The onus shouldn't fall on one man to win games. Nonetheless, the Packers are more reliant on their quarterback than any team remaining in the playoffs. And when the Packers needed Rodgers most this season, he wasn't a difference maker. He is credited with two fourth-quarter comeback or game-winning drives: A 34-yard field goal drive against the Seahawks and the Hail Mary against the Lions. He had three more opportunities but couldn't convert in losses to the Lions (first meeting), Bears and Vikings.

The Packers can embrace ugly

Winning a Super Bowl distorts things. Expectations weren't necessarily higher in 2015 than they were in 2010, but the 2010 Packers had the benefit of not having a recent title as an anchor. They won it all, so everyone began to wonder how many titles the Packers could win in the Rodgers era, and the ringless seasons since have felt like disappointments. Especially this season, when the Packers failed to win a division title for the first time since 2010.

Rodgers reflects that pressure, from telling fans to "R-E-L-A-X" to postgame against Washington when he was asked about expectations and he acknowledged that he had heard the chatter that Kirk Cousins might outplay him.

"No, I mean we don’t really care about any expectations, whether they’re talking picking Kirk over myself or talking about how everybody expected us to lose this game," Rodgers said. "We don’t care about those opinions out there. We care about sticking together and counting on each other and picking each other up and playing for each other."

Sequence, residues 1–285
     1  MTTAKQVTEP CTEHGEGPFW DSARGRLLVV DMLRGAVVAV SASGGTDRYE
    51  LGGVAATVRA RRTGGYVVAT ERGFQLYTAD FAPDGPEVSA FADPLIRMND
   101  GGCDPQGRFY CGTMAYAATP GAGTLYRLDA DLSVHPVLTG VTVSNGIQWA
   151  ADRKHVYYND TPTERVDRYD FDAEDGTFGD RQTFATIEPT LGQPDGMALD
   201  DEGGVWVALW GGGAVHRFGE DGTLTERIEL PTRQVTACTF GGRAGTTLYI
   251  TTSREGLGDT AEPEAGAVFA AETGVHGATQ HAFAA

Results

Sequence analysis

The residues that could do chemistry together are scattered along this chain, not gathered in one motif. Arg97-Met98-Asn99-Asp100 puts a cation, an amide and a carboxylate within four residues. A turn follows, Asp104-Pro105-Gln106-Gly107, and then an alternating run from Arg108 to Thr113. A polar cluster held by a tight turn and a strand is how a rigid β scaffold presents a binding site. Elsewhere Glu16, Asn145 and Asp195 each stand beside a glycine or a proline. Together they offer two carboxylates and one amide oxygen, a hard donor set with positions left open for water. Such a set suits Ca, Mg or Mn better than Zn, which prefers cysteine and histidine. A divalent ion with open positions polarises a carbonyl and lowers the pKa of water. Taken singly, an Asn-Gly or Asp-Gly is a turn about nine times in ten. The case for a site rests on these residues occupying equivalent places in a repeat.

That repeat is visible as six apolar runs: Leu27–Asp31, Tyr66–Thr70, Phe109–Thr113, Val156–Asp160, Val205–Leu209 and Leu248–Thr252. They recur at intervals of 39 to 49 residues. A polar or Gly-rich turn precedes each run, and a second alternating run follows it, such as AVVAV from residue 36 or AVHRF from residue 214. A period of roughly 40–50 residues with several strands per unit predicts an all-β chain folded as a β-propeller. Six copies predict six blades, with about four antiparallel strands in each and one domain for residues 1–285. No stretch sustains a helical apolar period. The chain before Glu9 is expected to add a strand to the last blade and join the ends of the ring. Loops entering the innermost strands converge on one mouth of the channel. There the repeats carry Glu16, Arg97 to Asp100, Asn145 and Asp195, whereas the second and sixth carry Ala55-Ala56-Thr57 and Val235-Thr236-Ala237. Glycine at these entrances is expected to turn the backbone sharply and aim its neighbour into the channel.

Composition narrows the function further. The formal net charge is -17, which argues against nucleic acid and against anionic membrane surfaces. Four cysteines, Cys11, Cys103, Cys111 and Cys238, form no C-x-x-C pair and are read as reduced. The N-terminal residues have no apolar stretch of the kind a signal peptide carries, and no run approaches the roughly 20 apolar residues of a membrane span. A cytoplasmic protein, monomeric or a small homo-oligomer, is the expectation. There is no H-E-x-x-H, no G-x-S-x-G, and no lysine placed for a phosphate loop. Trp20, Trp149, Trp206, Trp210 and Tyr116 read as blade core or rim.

The Packers are off to Arizona to rematch with a Cardinals team that spiritually feels a lot like the 2010 Packers -- a balanced, tight-knit team that, even if it doesn't win a title, is ready to usher in a new era of annual success. The Cardinals are one of the feel-good teams of the playoffs (the Chiefs and Panthers the others). They have every advantage on paper for this coming Saturday, a fact that Rodgers is no doubt aware of, along with his teammates.

The Packers' best recourse is to attack, to rabidly claw at the Cardinals with the quarterback who has been so brilliant throughout his career and a defense designed to sow chaos rather than smother.

They need to embrace what they are, a scruffy, pissed-off/pissed-on team that still has enormous potential despite what numbers say. No, this isn't the 2010 Packers. It's something much, much uglier and potentially just as fun.